b) The system must also be easy for machine translation. In this case, the systematicity of the mapping of Ethiopic to ASCII is exploited to make the machine translation between ASCII and Ethiopic script (in word processors, for example) as fast as possible.

3. Development of the System

It may first occur to one when attempting to write Ethiopic script with Latin letters, to represent the 7 forms with numbers as so:


h1 h2 h3 h4 h5 h6 h7

Independent Vowels:

a1 a2 a3 a4 a5 a6 a7

It is soon found in practice, however, that while this is a very simple system for representing the Ethiopic characters, it is not so simple to read or write in it (e.g., "T5n1y6s6T6l6N6", "a1d5s6 a1b1b4"). This is true largely because our minds are not trained to associate the Latin script with Arabic numbers to form words. One will soon wonder why not use the Latin vowel letters to denote the 7 forms of the Ethiopic characters. This is where the trouble begins: How do you represent the standard 7 Ethiopic forms (plus the "W" forms) with only 5 Latin vowels?

The first step we took was to assign a punctuation mark (the apostrophe ') and "I" for the two extra Ethiopic vowels (plus "W" for forms 8-12). So, following phonetic guide lines we came up with the following system:


h' hu hi ha he hI ho

Independent Vowels:

a' au ai aa ae aI ao

Again, after some trial use (e.g., "Ten'yIsITIlINI", "a'disI a'b'ba") we found that the writing can be made more readable if we used only one character for the pure vowel form. Then the system reduces to:


l' lu li la le lI lo

Independent Vowels:

' u i a e I o

and our sample text would look like: "TenayIsITIlINI", "'disI 'b'ba" which becomes a little easier to read and to type.

After a short time a reader is likely to find that trying to "read a sound" from punctuation proves too difficult. Our minds have been conditioned for too long already to skip over apostrophes when reading possesive and contracted words. We introduce the principle now that whenever possible punctuation be avoided to represent spoken sounds and seek another alphabetic character to replace the apostrophe.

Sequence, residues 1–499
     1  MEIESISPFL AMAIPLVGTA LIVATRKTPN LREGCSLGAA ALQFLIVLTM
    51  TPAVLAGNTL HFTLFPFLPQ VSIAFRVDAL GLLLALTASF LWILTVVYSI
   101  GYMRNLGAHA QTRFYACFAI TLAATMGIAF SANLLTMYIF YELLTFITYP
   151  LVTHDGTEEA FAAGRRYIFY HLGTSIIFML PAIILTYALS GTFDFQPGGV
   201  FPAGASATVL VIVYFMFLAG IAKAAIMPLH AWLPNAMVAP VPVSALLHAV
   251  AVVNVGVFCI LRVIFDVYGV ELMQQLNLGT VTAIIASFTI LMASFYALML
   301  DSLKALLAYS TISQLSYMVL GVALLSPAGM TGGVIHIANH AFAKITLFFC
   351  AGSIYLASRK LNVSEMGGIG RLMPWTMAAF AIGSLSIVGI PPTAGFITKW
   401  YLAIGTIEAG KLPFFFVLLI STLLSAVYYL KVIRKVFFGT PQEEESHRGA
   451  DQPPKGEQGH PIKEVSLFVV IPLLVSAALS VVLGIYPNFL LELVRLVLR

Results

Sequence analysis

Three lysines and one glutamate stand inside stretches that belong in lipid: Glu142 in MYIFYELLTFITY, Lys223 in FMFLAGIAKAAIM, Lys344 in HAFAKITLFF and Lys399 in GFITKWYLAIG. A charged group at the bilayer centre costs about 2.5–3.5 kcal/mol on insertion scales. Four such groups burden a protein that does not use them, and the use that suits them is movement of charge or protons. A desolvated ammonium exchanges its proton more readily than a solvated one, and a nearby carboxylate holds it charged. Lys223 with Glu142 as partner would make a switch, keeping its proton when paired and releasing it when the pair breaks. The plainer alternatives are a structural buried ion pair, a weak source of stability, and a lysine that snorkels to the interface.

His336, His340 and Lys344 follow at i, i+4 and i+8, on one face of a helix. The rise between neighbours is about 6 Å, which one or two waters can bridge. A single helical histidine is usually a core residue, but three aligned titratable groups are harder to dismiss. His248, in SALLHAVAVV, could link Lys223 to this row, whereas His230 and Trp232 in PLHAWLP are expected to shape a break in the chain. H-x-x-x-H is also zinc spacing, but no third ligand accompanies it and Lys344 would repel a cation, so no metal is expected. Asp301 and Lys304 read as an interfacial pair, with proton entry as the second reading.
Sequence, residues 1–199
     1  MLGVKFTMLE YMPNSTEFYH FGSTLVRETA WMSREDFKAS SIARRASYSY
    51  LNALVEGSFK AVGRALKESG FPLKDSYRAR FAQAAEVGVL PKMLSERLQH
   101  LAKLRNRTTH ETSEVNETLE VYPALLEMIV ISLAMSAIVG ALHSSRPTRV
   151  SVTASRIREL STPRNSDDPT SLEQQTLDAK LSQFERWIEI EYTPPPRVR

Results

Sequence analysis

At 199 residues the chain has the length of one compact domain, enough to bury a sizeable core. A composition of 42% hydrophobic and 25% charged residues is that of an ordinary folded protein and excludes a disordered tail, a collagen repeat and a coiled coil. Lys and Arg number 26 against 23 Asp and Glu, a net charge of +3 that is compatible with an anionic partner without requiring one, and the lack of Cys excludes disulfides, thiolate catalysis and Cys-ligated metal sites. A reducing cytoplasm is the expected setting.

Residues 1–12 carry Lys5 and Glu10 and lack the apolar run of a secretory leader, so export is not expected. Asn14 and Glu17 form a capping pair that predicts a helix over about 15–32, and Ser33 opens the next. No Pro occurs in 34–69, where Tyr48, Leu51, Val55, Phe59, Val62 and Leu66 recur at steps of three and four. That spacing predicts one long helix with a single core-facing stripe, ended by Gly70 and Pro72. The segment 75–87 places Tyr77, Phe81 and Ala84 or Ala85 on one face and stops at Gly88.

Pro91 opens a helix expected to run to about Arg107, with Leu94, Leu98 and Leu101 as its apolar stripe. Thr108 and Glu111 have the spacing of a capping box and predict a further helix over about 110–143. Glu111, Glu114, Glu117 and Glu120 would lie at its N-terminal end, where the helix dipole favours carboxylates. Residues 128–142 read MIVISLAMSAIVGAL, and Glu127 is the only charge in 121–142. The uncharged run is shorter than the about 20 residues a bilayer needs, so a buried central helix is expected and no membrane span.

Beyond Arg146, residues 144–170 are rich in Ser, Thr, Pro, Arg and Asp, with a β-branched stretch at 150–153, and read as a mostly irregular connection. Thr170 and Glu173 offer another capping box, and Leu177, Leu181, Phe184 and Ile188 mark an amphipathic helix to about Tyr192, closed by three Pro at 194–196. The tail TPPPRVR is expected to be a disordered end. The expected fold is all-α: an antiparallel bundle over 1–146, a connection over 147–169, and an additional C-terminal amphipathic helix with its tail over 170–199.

We find a suitable substitute in "E" but recognize right away the draw back of the extra "shift" required to type it. With only a small intuitive feeling one will come to realize that the 5th form letters are used less often in writing than are 1st form. Hence a swap between the two forms makes the use of "E" a little easier and gives us the new table:


le lu li la lE lI lo

Independent Vowels:

e u i a E I o

and our sample text appears a little more naturally as: "TEnayIsITIlINI", "edisI ebeba"

It is at this point that we began to notice two problems:

1) the 6th (or "sadis") form of the Ethiopic characters occurs more often than any other form (about a third more often),and

2) the use of "e" for the first vowel makes the "look" of some familiar Amharic words peculiar, and the sound association is poor.

The quick solution:

1) stop using "I" for the sadis (sixth form) consonants, letting the consonants stand by themselves, and

2) allow the use of "a" for the first form independent vowel with "e", and introduce "A" for the 4th form independent vowel.


le lu li la lE l lo

Independent Vowels:

e\a u i A E I o


TEna ysTlN

adis abeba

Indemn kermachWal

zarE Tewat suq hEjE neber

manew smh? manew smx?

Ambiguity Problem with The Independent Vowel

This system is easier to read and type, but there is still a problem. If you have never before seen the word "Tena" how will you know if you are reading 2 Ethiopic characters or 4 -- "TE-na" or "T-E-n-a"? This problem of ambiguity usually occurs because it is not clear whether a consonant letter is a sadis (6th) form followed by an independent vowel form, or a syllable made up of the consonant and following vowel form. Of course, this is a problem only if the reader does not know the language. An Amharic speaker would not make such a mistake.

In another scenario, the name "Gabriel" can be read "ge-b-r-E-l" (correctly), or "ge-b-rE-l" (not quite correct, but okay when speaking fast). Though the ambiguity is there, whether you interpret the Latin as showing 5 (ge-b-r-E-l) characters or 4 (ge-b-rE-l) makes almost no difference.